The Marvel of Modern Technology

I don’t know when I first got turned onto Joshua Guess’ episodic zombie blog “Living With the Dead”. From the looks of my Amazon order history, it was probably toward the beginning of 2011, which makes sense as that was right around the first season finale of The Walking Dead. I was semi-into the whole zombie genre as a kid, but kind of lost interest due to a lack of good content (more on this later). I seem to recall figuring hey, maybe there’s some other good stuff out there to whet my appetite, in between seasons. One way or another, I found the blog and was hooked by the concept immediately. The fact that these blog entries were collected into novel format and used as the foundation of a truly epic series was even more interesting to me.

All too often in zombie media, the entire focus of the endeavor is on the fight against the zombies during the outbreak. Joshua has that to some extent, but he takes it one step further, which is what really hooked me in the end. He showed the grind of day to day life, as survivors tried to adapt to their changing surroundings and make something in a more dangerous world. It’s a concept I adore, and one I tried to emulate in my own writing.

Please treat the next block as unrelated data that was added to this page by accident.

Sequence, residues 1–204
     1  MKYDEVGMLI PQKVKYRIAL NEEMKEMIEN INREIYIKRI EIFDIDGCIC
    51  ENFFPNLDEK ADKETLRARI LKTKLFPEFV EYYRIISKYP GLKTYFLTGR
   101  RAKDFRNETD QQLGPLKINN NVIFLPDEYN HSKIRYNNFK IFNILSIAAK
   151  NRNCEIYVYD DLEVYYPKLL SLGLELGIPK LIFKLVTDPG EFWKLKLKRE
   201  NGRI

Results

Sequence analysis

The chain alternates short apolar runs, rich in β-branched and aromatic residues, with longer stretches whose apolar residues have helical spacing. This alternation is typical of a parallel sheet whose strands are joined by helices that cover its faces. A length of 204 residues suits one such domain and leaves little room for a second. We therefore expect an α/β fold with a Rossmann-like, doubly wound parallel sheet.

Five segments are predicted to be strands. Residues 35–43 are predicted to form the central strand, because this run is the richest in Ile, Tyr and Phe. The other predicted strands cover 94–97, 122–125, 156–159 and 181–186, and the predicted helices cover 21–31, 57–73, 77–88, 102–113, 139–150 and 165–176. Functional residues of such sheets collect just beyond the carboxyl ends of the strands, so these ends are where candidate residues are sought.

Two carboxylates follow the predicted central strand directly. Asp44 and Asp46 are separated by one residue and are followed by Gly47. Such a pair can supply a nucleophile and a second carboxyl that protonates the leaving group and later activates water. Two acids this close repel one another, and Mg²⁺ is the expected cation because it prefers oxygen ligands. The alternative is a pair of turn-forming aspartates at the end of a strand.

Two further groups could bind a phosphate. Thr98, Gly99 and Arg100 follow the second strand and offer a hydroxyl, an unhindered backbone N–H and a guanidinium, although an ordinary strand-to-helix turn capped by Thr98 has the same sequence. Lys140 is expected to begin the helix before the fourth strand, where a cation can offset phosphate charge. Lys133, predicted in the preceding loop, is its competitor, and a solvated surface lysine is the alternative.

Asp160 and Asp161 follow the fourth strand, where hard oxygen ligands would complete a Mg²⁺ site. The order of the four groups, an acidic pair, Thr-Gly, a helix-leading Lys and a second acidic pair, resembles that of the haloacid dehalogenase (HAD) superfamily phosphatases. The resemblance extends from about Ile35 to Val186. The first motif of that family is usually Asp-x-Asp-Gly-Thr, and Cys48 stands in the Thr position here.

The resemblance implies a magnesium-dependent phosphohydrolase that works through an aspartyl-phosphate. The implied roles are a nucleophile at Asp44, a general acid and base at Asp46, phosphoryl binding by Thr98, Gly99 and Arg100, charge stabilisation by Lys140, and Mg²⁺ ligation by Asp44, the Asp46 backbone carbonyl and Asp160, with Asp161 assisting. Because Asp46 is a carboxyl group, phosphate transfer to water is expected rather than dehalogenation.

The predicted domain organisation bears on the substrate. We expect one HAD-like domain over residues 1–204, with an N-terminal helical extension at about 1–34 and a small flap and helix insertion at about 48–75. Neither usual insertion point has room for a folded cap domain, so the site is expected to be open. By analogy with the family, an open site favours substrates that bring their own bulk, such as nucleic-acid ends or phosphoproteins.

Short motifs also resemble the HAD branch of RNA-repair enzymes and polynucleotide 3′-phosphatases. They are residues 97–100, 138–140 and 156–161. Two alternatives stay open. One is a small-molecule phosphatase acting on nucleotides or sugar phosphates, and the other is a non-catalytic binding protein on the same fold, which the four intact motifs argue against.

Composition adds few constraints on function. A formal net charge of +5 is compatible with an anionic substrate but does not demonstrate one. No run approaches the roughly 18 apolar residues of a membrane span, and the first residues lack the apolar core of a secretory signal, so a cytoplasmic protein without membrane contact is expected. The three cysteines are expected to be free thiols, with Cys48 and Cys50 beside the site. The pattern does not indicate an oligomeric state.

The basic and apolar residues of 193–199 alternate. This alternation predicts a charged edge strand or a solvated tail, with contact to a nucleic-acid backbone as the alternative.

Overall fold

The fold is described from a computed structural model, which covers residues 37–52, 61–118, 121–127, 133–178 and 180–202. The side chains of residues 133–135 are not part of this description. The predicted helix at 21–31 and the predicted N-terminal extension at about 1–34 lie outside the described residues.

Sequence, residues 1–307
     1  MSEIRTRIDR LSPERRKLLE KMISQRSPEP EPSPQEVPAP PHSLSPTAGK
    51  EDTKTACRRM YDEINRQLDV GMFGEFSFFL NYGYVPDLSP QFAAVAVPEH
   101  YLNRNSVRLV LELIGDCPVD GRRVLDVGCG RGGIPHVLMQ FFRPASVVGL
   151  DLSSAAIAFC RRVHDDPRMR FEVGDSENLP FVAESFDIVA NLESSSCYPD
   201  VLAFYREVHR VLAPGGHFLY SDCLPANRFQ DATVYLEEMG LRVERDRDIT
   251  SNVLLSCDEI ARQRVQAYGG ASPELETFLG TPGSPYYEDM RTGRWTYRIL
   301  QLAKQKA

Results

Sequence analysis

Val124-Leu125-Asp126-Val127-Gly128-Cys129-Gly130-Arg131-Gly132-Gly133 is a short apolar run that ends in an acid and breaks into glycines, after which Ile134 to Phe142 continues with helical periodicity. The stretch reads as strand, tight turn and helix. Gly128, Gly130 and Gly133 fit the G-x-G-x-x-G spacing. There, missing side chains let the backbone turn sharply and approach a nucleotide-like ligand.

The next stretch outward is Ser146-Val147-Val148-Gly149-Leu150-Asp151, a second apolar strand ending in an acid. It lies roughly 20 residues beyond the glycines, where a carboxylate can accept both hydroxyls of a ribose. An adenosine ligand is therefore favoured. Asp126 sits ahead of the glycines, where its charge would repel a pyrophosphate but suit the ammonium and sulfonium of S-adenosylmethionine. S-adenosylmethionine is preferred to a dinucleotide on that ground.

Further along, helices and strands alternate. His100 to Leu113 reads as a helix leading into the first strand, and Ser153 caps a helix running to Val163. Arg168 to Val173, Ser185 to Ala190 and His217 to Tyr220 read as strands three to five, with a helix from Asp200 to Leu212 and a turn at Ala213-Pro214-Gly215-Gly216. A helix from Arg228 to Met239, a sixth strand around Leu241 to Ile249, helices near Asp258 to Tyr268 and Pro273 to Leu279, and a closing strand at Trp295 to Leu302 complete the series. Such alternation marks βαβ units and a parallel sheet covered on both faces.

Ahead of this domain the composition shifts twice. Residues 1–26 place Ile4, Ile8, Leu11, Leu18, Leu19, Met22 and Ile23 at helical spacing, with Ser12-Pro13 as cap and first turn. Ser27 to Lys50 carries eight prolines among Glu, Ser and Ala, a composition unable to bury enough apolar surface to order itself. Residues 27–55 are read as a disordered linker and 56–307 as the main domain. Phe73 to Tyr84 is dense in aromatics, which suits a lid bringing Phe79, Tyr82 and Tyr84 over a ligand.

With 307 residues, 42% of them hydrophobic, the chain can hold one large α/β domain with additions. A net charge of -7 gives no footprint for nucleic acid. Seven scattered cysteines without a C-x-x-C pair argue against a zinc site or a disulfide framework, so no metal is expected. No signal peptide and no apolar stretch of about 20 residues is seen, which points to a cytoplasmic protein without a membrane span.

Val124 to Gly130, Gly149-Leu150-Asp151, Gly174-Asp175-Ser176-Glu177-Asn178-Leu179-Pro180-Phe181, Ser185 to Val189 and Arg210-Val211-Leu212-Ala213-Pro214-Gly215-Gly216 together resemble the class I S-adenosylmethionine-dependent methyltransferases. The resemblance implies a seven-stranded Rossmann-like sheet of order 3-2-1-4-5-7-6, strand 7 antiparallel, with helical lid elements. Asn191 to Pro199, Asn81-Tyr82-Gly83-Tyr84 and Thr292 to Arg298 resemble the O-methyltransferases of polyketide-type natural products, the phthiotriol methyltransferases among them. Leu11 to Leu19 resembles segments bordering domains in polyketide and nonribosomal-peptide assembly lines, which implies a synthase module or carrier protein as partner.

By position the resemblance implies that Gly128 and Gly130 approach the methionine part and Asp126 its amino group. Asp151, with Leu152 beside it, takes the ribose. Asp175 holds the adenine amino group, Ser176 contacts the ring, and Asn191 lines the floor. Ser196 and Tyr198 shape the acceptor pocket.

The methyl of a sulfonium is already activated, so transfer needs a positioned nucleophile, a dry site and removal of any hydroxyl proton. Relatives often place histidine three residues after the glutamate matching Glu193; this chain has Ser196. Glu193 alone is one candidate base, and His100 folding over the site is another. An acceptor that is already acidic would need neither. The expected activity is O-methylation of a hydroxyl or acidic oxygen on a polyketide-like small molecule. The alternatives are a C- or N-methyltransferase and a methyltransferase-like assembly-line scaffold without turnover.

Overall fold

Fast forward to six years later and the universe spawned by that blog is still going strong, though it’s broadened and deepened in years since. “Revelation Day” is the 6th in Josh’s companion series to “Living With The Dead”, which follows the adventures of Kell McDonald, one of the originators of the zombie plague. Yup. He made someone who should ostensibly be the antagonist not only a sympathetic figure, but a likable protagonist.


More than anything else, I love this aspect of modern life. Fans of all genres used to have to satisfy themselves with the mediocre content that Hollywood and the big publishers put out. (Say what you will about Romero, the rest of the zombie genre in particular was critically lacking for quality stuff until films like “Shaun of the Dead” and media like “The Walking Dead.” As a fan of kaiju/giant robots, that genre has it even worse off. Believe me — I paid theater pricing to see “Robot Jox.”) With the Internet, and to a lesser but corollary extent Amazon, there’s a little something for everyone, and it shows. It’s a democratization of content, for lack of a better term, and I think it’s something that’s great for the consumer in the long run.

If you liked “A Place Outside The Wild”, give “Revelation Day” — and the rest of Guess’ work — a look. I think you’ll like what you see.

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